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Ten years ago from Sunday (tomorrow). It was a Tuesday morning. I woke up in my Queens apartment early feeling a bit…off. I got ready for work ~ Costume Shop Manager for the theater department at Adelphi University in Long Island, just a couple miles east of Queens. I dressed in all black, and wore dark make~up that morning; it matched how I was feeling. As I was leaving I grabbed a stuffed monkey my father had given me a couple years earlier. He had said that even if we may be on opposite sides of the country, even if we were on opposite sides of the world, I could hug that monkey and know it was a hug from him. I just had a feeling I was going to need that monkey.
I got in to my shop very early, it was the beginning of the build for Into the Woods for which I was also the designer, and there were a lot of costumes to make. So I put the monkey on a shelf, turned on the radio to Q104.3, classic rock, and got to work. I remember I was at the ironing table, ironing and rolling fabric that we had just bought and pre~washed. I don’t remember if the Boston song was stopped in the middle for the first or second plane, but I know once it was stopped, there was not more music for many, many hours. After the first plane, no one seemed that worried; upset by the tragedy of it, but not worried. It was just assumed it was pilot error or plane malfunction. Then with the second plane, everything changed. Still no facts, but we knew it was bad. I was still alone in the shop. Then the towers fell. I couldn’t see it, but the radio was enough. I opened the door of my shop into the small room sometimes used for classes. Nick, the Dean of the theatre department, was teaching his senior direction class. I looked at them all in a daze. Nick looked at me. “I thought you might want to know, there are no more Twin Towers. They just collapsed.” I turned and walked back into my shop, still in a daze.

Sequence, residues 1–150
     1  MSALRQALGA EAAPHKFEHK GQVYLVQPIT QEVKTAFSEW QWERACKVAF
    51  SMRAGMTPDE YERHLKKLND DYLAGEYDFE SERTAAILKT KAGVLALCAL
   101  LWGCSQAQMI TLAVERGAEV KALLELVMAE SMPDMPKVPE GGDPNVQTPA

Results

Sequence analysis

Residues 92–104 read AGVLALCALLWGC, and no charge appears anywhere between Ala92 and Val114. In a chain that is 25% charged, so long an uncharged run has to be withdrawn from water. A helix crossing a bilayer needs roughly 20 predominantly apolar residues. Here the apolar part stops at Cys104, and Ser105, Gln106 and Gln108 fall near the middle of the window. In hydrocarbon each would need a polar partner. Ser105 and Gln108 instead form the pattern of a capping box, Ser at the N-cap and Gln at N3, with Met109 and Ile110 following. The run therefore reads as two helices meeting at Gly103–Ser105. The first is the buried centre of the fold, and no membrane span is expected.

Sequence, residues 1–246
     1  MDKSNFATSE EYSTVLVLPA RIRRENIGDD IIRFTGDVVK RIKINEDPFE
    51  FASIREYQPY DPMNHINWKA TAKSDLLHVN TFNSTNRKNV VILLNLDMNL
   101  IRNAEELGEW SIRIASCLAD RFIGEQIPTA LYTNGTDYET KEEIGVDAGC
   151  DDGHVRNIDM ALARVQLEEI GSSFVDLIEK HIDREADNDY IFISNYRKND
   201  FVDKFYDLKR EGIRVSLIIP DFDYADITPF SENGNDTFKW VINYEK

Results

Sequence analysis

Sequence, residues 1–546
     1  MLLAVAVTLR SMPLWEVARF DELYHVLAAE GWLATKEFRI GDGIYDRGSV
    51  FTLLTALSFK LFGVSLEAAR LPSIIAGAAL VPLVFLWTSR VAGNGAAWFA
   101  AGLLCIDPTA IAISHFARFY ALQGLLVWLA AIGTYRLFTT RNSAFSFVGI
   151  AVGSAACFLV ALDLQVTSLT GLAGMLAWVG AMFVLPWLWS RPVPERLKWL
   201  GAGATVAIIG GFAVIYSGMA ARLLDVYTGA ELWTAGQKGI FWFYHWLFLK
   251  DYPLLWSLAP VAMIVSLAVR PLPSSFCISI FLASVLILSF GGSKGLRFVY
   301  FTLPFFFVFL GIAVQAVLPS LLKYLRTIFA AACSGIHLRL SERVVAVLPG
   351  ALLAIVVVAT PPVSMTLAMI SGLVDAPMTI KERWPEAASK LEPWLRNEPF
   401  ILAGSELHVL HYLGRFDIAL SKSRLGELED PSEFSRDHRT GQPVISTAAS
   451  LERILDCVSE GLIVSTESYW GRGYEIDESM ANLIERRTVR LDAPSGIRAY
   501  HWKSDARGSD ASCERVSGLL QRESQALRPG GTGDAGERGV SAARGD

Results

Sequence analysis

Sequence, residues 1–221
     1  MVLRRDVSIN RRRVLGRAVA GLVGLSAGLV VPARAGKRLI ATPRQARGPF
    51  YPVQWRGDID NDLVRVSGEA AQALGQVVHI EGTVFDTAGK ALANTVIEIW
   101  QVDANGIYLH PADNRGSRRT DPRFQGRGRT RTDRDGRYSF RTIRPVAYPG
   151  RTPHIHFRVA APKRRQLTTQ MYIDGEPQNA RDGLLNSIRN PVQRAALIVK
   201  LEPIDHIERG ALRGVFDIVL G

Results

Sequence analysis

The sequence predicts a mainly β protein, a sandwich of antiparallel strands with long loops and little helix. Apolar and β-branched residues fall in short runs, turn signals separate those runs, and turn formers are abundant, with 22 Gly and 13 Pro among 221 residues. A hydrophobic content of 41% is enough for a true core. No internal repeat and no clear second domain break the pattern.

I just kept working, and listening to the radio, as the facts of the attack unfolded. I didn’t know what else to do. Then the kids started coming into my shop, many in tears. That was what broke my daze. When the first kid walked in, I knew I had to be strong. They were coming to me because they needed comfort. They were away from home, away from Mom and Dad, and they needed someone to be there for them. They needed someone to hold them and tell them that they were safe; to remind them that security was so high now that we would all be OK. I didn’t believe it, but I said it. I was terrified. Never in my life have I been so scared, so sad, and so angry, but I needed to be there for my students. It was more then my job, it was who I was, who I have always been. I am the nurturer. I can’t stand to see people in pain, especially emotional pain.